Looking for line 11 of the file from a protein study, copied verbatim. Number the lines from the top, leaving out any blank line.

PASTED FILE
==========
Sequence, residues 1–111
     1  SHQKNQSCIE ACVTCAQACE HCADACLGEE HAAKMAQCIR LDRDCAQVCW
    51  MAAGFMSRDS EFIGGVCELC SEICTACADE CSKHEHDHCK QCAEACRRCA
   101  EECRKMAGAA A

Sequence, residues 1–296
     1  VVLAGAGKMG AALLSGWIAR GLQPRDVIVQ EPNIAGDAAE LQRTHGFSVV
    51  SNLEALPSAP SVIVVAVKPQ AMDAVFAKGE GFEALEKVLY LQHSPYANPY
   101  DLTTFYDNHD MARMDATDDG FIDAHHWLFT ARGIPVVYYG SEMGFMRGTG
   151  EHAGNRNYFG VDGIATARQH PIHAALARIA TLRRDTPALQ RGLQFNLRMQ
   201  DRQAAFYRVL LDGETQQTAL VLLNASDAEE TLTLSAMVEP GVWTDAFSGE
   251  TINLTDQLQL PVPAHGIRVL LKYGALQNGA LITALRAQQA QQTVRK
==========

   251  TINLTDQLQL PVPAHGIRVL LKYGALQNGA LITALRAQQA QQTVRK